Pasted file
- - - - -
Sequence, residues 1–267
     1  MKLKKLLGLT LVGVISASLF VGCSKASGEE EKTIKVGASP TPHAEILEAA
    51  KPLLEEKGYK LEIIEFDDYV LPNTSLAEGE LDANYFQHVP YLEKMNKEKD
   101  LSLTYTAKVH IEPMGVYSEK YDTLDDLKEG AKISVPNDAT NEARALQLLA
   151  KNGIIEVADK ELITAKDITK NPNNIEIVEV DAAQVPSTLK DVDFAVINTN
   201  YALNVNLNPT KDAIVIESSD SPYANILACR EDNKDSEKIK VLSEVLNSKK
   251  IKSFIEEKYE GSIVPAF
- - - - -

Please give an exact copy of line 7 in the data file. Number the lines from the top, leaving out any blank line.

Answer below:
   251  IKSFIEEKYE GSIVPAF